What I do see that you need to work on (and I lean WAY more toward composition than technical) is lighting. (Here is one of those not-given parameters: were you unable to move your subjects into a different area where shadows were not so distinct?) Truly experienced photographers can and do work around available sunlight and learn to manipulate it. In the first black and white photo, you must have thought about this because you moved them back behind the shadow line. Unfortunately, it did not stop the shadows from distracting the viewer. In the second photo, the girl in the dark stripe makes her especially dominant. The photo where the child is in the air — shadows wrongly cover his face.

    You can use tools to work around shadows: filters, reflectors, etc. And you can manipulate them by changing the time of the shot and/or waiting until a cloud floats in front of the sun or just plain waiting until a cloudy day. The shadows are a problem because they take away from the focus on the subjects. They add unwanted dominance and lines to your composition. Shadows will ALWAYS be important because they are part of the light you use to make the image.
    All that said about shadows — let me move on to your whole photo composition. I am staying away from using the word background because I am referring to the entire shot. THE first thing I see in the first photo is that there is a man with a wire shooting from his head. Try following the natural progression of your eye as it lands on the photo.

    1. it follows the brick lines left, into the subject 2. then up his collar to his head and ends 3. being led off the image by the dark line extending upward. My natural eye line never even made it to the girl. But, my subconscious sent me back to the girl where her hairline lead me back to the bricks, along the side of the building and across the street to the white structure.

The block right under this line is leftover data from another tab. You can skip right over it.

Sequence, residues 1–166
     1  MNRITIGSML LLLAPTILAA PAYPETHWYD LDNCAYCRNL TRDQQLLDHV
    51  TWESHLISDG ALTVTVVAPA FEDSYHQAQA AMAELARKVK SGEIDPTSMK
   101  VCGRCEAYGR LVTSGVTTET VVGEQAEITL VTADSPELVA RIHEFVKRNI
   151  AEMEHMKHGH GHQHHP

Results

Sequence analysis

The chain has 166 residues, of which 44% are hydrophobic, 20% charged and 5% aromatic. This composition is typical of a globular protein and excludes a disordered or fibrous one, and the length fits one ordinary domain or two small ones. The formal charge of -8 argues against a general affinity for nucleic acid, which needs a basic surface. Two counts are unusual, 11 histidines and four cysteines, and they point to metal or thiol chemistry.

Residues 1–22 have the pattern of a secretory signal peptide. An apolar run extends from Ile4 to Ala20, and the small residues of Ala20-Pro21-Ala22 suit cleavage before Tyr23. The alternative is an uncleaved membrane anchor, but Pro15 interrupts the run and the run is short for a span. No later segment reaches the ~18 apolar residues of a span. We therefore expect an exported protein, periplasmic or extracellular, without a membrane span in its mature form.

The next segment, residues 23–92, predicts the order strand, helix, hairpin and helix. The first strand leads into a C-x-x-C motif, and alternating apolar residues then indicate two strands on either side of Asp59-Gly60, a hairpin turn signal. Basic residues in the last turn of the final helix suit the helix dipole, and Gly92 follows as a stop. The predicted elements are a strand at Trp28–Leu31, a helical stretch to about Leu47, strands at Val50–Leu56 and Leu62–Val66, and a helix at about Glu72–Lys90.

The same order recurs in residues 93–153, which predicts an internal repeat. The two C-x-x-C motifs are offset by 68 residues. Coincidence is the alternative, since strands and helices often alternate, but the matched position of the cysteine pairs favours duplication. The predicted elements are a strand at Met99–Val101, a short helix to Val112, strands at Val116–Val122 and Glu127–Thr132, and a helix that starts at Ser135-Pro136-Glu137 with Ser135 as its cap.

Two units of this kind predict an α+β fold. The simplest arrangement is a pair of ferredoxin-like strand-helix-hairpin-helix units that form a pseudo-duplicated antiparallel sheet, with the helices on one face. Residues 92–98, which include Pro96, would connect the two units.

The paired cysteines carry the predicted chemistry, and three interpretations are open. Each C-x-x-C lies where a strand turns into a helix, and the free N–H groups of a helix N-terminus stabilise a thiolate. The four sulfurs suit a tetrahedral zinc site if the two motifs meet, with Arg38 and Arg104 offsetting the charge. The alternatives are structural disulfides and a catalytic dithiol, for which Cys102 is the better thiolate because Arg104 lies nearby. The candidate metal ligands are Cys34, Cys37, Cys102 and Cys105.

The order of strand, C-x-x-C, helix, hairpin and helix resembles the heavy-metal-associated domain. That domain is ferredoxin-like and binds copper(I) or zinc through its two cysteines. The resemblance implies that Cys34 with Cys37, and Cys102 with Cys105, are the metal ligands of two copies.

Now you see…this is only some information to help you think; to help you see lines in a creative way; to get you to open your eyes to new ways of composing your shots. Because I truly believe you could have used those same shadows and lines to lead us INTO your subjects. Some might say the line stemming from the subject’s head actually leads us into the subject — and that may be but it is an unnatural placement of the wire & therefore a distracting element.

    In the shot in front of the brick wall, unfortunately my eye lands on two spots before it even gets to the subjects. The most dominant point is the gray area in the center then the wooden square.

    But skip to the photo of the child being tossed in the air and IMMEDIATELY my eyes land on the subject. Why? Can you explain what lines in the photo lead me directly to the child?

    This is but one element of a huge area in which you could begin to grow. I recommend you read anything by Dr. Richard Zakia to really get your photographic mind reeling and your creative vision flowing. Best of luck.


    SEC, thank you so much for replying with such specific advice. Sadly, that day the shadows were hard to avoid, but I think I understand (minus my lame excuse) what you were trying to get at. The lines drawing the eye is something that I can see in the edit room, but have a hard time seeing when I am looking through the view finder. It is something I very much need to work on, and you pointing it out makes it even more apparent that its something that others see also.

    I came here so that I could get some CC that I so desperately want. My husband is good for CC, but with him not being a photographer I think I needed to hear it from somewhere else too. Thank you so much for going easy on me and talking me up before criticizing though. I hope that you think that I have a chance to become something great someday.